Nanoleaf Canvas: Coolest. Lights. Ever.
The Nanoleaf Canvas is a stunning, vibrant, modular lighting centrepiece. Get creative and make your own design; then load your own unique music reactive lighting scenes.
Modular, customizable, sound and even touch reactive: the Nanoleaf Canvas is just stunning. It’s a vibrant and creative smart lighting installation for your wall or ceiling, with all the smart features you’ve come to expect.
What’s In The Box?
In the starter kit you’ll find:
- 1 controller panel
- 8 standard panels
- Power adaptor
- 8 connector strips
- Lots of mounting stickers (3 per panel, plus a spare or two)
Each panel measures 6 inches (15cm) square. The controller panel lights up, just as the standard panels do, but it also houses the microphone and capacitive buttons.
The starter kit costs $250 (also available from HomeDepot [No Longer Available]). Additional panels can be purchased in packs of four, at a cost of $80. UK folks: unusually, the Nanoleaf Canvas is actually cheaper for you, available for £180.
Design Your Layout
Before mounting your Canvas, you’ll need to use the layout designer in the app to plan your design. You can randomise a starting point, then drag and drop panels until you have your desired shape.
Since the rear of the Canvas panels is asymmetrical, you’ll need to refer to the link view when connecting the panels. Use three mounting stickers per panel. Some panels will need to rotated in order for the connectors to line up, and the app will let you know if your layout is invalid (as in the screenshot above).
The upside to this slightly more complex connector arrangement is that panels can be offset, and not simply laid out like a pixel block display (though you can of course do that too, if you wish, you’re not forced to offset the panels). This allows for far more creative freedom, and meant I was able to create a small circular design from just the 9 panels included in the starter set.
Your controller panel can be located anywhere on your design, as can the point at which you inject power from the adaptor. So as long as you follow the link layout outlined in the designer, putting your pattern together couldn’t be easier.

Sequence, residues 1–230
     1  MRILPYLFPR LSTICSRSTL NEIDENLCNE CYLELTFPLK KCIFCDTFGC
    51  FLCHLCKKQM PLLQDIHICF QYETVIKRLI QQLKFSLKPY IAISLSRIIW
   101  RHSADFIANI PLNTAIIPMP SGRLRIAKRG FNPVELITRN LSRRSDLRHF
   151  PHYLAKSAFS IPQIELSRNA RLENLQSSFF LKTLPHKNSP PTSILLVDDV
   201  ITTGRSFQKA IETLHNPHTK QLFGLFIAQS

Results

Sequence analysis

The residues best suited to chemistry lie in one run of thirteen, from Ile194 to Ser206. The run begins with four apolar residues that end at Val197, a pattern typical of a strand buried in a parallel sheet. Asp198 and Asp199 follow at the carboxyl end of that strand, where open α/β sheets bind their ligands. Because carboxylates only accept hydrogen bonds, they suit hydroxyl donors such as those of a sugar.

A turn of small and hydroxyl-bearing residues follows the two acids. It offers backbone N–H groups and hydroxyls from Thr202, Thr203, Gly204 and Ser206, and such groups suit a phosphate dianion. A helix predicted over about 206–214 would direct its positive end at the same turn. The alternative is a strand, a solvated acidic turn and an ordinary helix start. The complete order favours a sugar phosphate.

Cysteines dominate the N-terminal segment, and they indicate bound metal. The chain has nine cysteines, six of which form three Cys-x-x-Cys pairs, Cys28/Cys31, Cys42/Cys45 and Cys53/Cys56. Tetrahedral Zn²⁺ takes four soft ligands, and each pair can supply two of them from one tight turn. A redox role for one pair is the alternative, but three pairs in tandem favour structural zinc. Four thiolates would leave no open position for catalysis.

Trio of Smarts: Alexa, Google, and HomeKit
Nanoleaf support all three of the major voice assistant and smart home standards, which we applaud. All three systems support color and scene selections via voice control. Adding the Canvas to our HomeKit was as simple as scanning the QR code on the power adaptor: the app even knew exactly how our design was laid out, without any input from us.
Note that like most smart home products, Nanoleaf requires a 2.4GHz Wi-Fi network. If your router only broadcast a 5GHz network, you won’t be able to connect these.
Not a fan of voice assistants? Not a problem. The app has a few scenes out of the box, but we’d strongly recommend you connect it to Wi-Fi anyway, then use the Nanoleaf app to download new scenes. As well as those made by Nanoleaf, the community has created thousands, all free to download. If that’s not enough, use the designer to create your unique patterns and color pallete.
Play Games on Your Lights
New to the Nanoleaf Canvas is a touch sensor in each panel. As well as adding a little interactivity to basic color scenes, you can enable gesture controls, such as double tap to turn on or off, or swipe up to increase brightness.
This feature has also opened up some more interesting interactive scenes. Currently available to download are:
- Conway’s Game of Life simulation
- Whack a Mole
Some of these games—like Conway’s Game of Life or Pacman—don’t make much sense on a small, 9 panel circular design. For those you really need a much larger install, well beyond that of a typical consumer budget. Simon and Memory games work great even on smaller installs, though. Obviously, they aren’t the most compelling gaming experiences ever, but it’s a fun feature for children or guests. I can see these being a hit in hotels or corporate lobbies.